Currently, the president is elected by popular vote to a six-year term and is limited to two terms. Under the 1986 Constitution, presidential elections utilize a two-round system, wherein a second round of voting is held between the two candidates with the highest number of votes if no single candidate obtains a majority in the first round. Each term begins and ends at noon on the third working Monday in January of the year immediately following the elections. [5] At the time of their inauguration, each president is required under the Constitution to take a presidential oath promising to preserve and defend the Constitution and faithfully execute the law. The oath is administered by the chief justice of Liberia in front of a joint session of the legislature.

Residence

Since 2006, the Executive Mansion has been under renovations due to a fire that damaged parts of the building in July of that year. The office of the president was transferred to the nearby Foreign Ministry building as a result, where it currently hosts President George Weah. [6]

List of officeholders

Political parties
Other factions
No.PortraitName
(Birth–Death)
Term of officePolitical partyElected Vice President
Took officeLeft officeTime in office
1 Joseph Jenkins Roberts.jpg Joseph Jenkins Roberts
(1809–1876)
January 3, 1848January 7, 18568 years, 4 days Independent 1847 Nathaniel Brander
1849 Anthony D. Williams
1851
1853 Stephen Allen Benson
2 Stephen Allen Benson (cropped).jpg Stephen Allen Benson
(1816–1865)
January 7, 1856January 4, 18647 years, 362 days Independent 1855 Beverly Page Yates
1857
1859 Daniel Bashiel Warner
1861
3 Daniel Warner2.jpg Daniel Bashiel Warner
(1815–1880)
January 4, 1864January 6, 18684 years, 2 days Republican Party 1863 James M. Priest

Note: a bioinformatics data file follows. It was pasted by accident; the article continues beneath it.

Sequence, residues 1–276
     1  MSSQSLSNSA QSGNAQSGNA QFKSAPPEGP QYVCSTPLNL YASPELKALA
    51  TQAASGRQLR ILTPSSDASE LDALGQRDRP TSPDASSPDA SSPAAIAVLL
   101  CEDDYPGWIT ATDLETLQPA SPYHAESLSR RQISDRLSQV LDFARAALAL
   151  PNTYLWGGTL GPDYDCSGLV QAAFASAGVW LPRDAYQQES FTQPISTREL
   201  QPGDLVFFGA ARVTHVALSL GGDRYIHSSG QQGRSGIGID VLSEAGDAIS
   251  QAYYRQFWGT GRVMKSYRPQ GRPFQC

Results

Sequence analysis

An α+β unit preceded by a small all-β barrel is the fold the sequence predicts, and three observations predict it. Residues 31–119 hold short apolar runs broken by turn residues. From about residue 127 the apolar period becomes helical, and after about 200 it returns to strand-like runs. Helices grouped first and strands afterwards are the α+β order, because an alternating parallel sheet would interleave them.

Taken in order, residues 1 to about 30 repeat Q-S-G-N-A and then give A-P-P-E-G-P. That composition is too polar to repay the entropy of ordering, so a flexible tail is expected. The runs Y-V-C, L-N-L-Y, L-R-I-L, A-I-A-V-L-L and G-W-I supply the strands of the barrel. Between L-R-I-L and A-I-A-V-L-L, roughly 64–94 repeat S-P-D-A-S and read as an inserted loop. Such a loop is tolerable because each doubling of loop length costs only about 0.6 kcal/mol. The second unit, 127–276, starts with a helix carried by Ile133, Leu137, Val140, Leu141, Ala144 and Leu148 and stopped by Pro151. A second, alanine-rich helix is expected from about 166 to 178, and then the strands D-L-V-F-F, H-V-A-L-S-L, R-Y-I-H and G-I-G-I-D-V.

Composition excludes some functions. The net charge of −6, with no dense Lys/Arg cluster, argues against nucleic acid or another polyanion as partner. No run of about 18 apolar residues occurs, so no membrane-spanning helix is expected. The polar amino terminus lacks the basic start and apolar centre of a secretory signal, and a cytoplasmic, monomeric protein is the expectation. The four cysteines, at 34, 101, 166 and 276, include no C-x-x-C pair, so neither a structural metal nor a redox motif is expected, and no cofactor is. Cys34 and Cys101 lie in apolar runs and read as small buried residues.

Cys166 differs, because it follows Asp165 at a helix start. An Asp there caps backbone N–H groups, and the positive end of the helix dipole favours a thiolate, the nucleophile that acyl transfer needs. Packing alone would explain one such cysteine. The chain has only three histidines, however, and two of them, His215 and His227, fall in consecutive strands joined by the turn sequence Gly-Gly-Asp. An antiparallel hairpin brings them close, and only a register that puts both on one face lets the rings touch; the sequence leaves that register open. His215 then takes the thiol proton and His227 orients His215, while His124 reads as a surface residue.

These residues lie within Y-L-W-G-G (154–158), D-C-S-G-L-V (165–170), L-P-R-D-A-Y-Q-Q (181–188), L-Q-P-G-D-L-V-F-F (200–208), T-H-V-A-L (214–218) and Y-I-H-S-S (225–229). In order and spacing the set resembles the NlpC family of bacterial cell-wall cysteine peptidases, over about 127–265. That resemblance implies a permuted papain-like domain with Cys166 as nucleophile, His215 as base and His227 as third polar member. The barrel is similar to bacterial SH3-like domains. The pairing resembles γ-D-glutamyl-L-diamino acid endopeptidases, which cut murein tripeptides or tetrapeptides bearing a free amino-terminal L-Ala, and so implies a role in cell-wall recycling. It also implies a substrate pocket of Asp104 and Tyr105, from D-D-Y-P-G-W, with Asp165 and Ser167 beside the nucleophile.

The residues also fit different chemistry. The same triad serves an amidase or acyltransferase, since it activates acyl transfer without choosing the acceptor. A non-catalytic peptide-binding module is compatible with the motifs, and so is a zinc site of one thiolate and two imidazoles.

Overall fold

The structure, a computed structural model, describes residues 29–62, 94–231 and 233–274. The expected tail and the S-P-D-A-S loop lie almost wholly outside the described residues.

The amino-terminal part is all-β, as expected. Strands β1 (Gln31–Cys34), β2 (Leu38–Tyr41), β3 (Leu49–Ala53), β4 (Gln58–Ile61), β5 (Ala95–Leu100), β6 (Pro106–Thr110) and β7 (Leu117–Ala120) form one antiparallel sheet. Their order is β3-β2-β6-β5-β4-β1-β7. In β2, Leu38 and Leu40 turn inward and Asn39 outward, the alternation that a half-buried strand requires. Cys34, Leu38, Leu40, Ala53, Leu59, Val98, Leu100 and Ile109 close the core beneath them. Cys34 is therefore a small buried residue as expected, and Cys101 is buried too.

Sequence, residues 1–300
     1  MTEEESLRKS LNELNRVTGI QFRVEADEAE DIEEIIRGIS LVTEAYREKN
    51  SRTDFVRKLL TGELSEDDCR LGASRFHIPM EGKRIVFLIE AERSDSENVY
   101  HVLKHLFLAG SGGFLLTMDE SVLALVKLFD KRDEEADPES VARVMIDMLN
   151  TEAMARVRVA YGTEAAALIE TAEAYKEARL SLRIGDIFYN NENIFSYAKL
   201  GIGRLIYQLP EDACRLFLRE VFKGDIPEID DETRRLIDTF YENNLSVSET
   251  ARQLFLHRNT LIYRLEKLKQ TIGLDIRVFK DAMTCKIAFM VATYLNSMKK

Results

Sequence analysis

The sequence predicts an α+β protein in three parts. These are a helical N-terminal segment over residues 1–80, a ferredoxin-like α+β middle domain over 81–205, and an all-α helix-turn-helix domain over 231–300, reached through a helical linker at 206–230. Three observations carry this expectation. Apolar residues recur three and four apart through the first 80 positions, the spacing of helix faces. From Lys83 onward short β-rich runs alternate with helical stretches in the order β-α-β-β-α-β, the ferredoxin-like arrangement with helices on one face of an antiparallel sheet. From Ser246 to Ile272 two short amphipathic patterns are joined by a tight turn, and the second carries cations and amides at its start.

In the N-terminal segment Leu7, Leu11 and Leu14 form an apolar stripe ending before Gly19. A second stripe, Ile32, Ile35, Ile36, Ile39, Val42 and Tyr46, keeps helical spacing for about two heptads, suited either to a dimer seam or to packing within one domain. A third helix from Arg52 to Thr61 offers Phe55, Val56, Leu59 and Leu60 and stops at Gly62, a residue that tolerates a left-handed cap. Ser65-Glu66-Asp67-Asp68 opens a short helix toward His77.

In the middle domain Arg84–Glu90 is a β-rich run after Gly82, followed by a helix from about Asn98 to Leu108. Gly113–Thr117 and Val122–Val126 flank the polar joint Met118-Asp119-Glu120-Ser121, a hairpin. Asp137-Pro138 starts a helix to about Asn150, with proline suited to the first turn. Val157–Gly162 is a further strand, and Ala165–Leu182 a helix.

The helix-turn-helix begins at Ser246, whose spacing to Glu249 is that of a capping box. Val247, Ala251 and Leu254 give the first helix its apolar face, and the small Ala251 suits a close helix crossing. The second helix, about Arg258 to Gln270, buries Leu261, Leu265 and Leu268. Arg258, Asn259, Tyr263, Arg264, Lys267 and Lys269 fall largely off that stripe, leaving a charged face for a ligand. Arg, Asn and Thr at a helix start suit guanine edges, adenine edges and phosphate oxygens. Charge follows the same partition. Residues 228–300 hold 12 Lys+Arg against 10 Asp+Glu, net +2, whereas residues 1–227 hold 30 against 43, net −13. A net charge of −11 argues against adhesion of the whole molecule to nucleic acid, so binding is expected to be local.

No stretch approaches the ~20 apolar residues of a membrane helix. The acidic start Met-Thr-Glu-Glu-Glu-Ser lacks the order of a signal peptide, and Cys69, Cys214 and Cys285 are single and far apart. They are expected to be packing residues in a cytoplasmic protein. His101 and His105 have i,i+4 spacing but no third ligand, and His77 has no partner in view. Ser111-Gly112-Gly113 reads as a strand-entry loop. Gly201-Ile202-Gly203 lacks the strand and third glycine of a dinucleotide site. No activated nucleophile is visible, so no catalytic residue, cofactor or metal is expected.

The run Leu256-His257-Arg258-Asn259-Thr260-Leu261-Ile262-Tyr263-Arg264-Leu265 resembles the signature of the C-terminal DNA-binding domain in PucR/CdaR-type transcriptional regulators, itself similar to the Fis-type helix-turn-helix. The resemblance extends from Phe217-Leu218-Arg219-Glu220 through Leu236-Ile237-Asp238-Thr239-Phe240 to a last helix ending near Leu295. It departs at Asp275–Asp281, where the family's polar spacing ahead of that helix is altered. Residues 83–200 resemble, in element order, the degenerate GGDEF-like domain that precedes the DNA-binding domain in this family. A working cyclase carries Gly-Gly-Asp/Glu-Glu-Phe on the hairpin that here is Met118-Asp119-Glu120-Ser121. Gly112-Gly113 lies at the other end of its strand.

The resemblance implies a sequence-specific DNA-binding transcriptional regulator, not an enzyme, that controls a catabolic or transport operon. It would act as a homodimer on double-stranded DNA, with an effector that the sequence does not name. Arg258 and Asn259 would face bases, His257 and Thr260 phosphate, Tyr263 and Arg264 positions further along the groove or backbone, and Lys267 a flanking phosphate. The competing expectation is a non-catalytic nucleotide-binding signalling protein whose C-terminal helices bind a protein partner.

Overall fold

1865
4 James Payne2.jpg James Spriggs Payne
(1819–1882)
January 6, 1868January 3, 18701 year, 362 days Republican Party 1867 Joseph Gibson
5 Edward James Roye2.jpg Edward James Roye
(1815–1872)
January 3, 1870October 26, 1871
(Deposed)
1 year, 296 days True Whig Party 1869 James Skivring Smith
6 SkivringSmith.jpg James Skivring Smith
(1825–1892)
October 26, 1871January 1, 187267 days True Whig Party Vacant
(October 26, 1871 – January 1, 1872)
7 Joseph Jenkins Roberts.jpg Joseph Jenkins Roberts
(1809–1876)
January 1, 1872January 3, 1876
(Died)
4 years, 2 days Republican Party 1871 Anthony W. Gardiner
1873
8 James Payne2.jpg James Spriggs Payne
(1819–1882)
January 3, 1876January 7, 18782 years, 4 days Republican Party 1875 Charles Harmon
9 Anthony W. Gardiner.jpg Anthony W. Gardiner
(1820–1885)
January 7, 1878January 20, 1883
(Resigned)
5 years, 13 days True Whig Party 1877 Alfred Francis Russell
1879
1881
10 Alfred Russell2.jpg Alfred Francis Russell
(1817–1884)
January 20, 1883January 7, 1884352 days True Whig Party Vacant
(January 20, 1883 – January 7, 1884)
11 Hilary R. W. Johnson - Crop.png Hilary R. W. Johnson
(1837–1901)
January 7, 1884January 4, 18927 years, 362 days True Whig Party 1883 James Thompson
1885
1887
1889
12 Joseph Cheeseman2.jpg Joseph James Cheeseman
(1843–1896)
January 4, 1892November 12, 1896
(Died)
4 years, 313 days True Whig Party 1891 William D. Coleman
1893
1895
13 William Coleman2.jpg William D. Coleman
(1842–1908)
November 12, 1896December 11, 19004 years, 29 days True Whig Party Vacant
(November 12, 1896 – January 3, 1898)
1897 Joseph J. Ross
1899
Vacant
(October 24, 1899 – January 3, 1902)
14 Garretson Gibson2.jpg Garretson W. Gibson
(1832–1910)
December 11, 1900January 4, 19043 years, 24 days True Whig Party
1901 Joseph D. Summerville
15 Arthur Barclay.jpg Arthur Barclay
(1854–1938)
January 4, 1904January 1, 19127 years, 362 days True Whig Party 1903
Vacant